|Elsasser, Theodore - Ted|
|Kahl, Stanislaw - Stass|
Submitted to: Journal of Animal Science
Publication Type: Peer Reviewed Journal
Publication Acceptance Date: 4/22/2003
Publication Date: 6/1/2003
Citation: Journal of Animal Science, 81:1-7, 2003. Interpretive Summary: Research has demonstrated that it is more effective to prevent adverse response to disease than to treat disease once it has set into a herd. The present study was aimed at increasing our understanding of why cattle implanted with a traditional growth promotant containing estradiol and - progesterone are better able to cope with disease stress than some nonimplanted cattle. We used an immune challenge based on the administration of a bacterial toxin to mimic a disease response of an animal without the need to actually infect the animal with anything. Our data suggested that some of the positive effects of the growth implant were associated with a decreased production of some nitrogen containing compounds that turn into tissue-destructive free radicals and some hormones that adversely affect blood flow in some organs. In addition, the data demonstrated that the duration of the fever that develops during the course of the host response to the toxin was shortened in comparison to the time over which nonimplanted calves presented clinical signs of fever. Overall, the use of selective implants to regulate too severe a reaction to a disease insult may benefit overall animal health and decrease production costs associated with poor food intake.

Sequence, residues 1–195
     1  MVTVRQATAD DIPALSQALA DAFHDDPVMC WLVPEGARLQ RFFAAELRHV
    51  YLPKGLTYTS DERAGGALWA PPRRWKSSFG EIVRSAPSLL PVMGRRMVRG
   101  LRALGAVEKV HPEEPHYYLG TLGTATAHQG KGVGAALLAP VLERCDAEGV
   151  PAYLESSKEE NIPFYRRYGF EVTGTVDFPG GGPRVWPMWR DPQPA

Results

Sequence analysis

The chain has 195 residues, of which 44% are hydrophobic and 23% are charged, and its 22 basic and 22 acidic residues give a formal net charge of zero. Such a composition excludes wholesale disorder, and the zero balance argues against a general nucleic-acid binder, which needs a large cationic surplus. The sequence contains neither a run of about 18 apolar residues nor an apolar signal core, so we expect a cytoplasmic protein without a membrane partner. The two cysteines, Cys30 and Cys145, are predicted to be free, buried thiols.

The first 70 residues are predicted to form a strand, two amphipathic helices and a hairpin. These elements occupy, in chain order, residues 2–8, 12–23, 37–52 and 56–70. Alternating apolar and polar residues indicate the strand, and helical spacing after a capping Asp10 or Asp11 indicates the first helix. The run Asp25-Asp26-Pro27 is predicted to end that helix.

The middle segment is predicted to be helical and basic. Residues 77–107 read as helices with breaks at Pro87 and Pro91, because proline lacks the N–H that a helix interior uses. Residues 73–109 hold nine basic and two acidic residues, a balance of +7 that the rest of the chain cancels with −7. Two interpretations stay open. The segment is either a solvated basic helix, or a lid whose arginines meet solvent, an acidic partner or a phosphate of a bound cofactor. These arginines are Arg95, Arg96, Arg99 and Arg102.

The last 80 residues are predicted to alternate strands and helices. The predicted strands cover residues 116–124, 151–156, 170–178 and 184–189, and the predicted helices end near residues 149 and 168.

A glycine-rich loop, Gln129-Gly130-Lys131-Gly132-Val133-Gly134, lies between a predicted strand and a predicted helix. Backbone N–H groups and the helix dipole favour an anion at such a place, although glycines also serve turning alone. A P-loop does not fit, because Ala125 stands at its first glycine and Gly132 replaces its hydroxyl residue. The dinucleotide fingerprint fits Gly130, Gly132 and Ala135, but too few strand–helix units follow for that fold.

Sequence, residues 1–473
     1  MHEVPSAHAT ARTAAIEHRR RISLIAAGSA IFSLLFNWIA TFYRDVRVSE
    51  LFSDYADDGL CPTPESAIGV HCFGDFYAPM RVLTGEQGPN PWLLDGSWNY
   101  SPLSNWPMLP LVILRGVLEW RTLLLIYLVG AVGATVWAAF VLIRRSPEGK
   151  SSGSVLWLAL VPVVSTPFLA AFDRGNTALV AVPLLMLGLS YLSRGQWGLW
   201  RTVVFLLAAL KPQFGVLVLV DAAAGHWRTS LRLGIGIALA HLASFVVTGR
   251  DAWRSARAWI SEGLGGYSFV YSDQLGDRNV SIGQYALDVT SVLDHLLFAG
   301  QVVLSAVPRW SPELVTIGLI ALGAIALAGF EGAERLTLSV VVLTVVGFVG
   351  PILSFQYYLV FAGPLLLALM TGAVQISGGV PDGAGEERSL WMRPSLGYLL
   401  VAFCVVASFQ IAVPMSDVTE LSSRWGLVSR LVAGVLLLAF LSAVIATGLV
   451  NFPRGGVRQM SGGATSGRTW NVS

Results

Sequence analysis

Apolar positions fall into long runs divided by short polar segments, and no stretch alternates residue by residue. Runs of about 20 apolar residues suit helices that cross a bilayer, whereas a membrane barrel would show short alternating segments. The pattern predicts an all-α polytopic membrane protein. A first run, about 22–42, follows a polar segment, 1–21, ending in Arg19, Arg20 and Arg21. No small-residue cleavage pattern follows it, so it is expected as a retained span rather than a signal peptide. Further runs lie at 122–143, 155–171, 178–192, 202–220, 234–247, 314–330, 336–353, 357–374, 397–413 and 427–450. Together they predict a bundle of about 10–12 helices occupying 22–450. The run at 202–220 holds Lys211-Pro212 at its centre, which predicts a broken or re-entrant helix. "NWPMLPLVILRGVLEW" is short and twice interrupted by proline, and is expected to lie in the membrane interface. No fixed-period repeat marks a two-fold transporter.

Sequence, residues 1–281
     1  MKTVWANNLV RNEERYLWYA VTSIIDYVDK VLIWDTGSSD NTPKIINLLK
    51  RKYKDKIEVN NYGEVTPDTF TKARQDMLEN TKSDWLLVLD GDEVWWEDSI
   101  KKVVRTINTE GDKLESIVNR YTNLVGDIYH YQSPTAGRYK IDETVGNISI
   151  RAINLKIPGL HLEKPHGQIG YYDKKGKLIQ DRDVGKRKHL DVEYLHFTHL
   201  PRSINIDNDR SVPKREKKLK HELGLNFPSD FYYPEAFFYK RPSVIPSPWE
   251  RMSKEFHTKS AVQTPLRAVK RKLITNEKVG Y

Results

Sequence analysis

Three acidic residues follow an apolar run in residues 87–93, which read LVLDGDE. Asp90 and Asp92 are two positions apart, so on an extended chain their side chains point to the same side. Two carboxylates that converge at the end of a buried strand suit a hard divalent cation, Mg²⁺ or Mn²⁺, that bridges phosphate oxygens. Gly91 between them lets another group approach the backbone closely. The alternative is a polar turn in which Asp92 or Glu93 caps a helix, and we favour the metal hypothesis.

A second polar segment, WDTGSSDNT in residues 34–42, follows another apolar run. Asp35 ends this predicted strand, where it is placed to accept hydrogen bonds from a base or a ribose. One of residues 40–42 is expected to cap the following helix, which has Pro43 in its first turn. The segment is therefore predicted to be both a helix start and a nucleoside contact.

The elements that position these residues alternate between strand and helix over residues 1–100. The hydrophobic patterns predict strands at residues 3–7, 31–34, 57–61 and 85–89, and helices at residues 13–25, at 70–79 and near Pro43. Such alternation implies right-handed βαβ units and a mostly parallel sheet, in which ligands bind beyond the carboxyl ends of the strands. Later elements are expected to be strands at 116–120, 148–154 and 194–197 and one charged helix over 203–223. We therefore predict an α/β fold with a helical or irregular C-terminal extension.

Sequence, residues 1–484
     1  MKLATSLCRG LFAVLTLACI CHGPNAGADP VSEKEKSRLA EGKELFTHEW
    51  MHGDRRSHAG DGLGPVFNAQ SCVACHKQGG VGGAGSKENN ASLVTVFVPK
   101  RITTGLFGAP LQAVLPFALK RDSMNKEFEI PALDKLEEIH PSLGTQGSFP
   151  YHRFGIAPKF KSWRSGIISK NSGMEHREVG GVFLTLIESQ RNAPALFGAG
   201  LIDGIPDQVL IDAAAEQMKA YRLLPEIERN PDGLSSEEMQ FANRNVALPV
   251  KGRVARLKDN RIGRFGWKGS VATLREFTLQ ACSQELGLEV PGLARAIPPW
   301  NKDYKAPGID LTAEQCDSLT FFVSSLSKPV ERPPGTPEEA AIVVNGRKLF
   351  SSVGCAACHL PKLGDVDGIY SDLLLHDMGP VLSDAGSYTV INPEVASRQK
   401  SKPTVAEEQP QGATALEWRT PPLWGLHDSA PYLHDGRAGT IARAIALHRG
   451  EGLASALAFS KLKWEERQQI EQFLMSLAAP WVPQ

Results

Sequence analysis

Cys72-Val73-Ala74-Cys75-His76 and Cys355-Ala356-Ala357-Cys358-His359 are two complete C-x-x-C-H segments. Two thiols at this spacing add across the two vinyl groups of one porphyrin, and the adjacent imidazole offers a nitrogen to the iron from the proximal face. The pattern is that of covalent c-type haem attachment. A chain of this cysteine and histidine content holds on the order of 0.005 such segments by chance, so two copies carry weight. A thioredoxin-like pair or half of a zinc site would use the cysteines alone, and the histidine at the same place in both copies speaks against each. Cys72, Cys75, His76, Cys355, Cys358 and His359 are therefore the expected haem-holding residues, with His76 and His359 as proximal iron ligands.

Technical Abstract: Estradiol plus progesterone (EP) implants have been shown to delay the onset or reduce the severity of many of the clinical signs associated with coccidiosis and endotoxemia in calves. We explored a possible mechanism through which EP could exert these beneficial effects by systematically characterizing the effect of pretreatment with EP on the production of tumor necrosis factor-a (TNF), the vasoactive arachadonic acid metabolites thromboxane (TXB) and prostacyclin (PRC), plasma nitrite and nitrate (NOX), the stable end products of nitric oxide synthase (NOS)-driven arginine-derived nitric oxide (NO), and cortisol (CORT) as a measure of the glucocorticoid stress component. Holstein steer calves were divided into 4 groups: control, EP, endotoxin, and EP+endotoxin (n=5/group). EP pellets (Synovex-Sâ) were implanted when calves reached 4 mos. of age. One week after implant calves were injected with endotoxin (0.6 mg/kg BW) or nonpyrogenic saline placebo. Body temperature increased in both endotoxin and endotoxin-EP calves, but had returned to normal by 6 h in the endotoxin-EP group (P<0.05). Plasma TNF and CORT increased after endotoxin (P<0.01), but were not differentially affected by EP treatment. Likewise, EP did not affect the magnitude of increase in endotoxin-induced PRC but did reduce the magnitude of increase in TXB (P<0.05). Plasma NOX levels were elevated (P<0.01) in calves after endotoxin; treatment with EP attenuated the endotoxin-associated increase in plasma NOX levels. These data suggest that EP exerts specific effects on different components of the proinflammatory cytokine cascade. Components of the nitric oxide- and TXB-axis responses to endotoxin are decreased in calves pretreated with EP.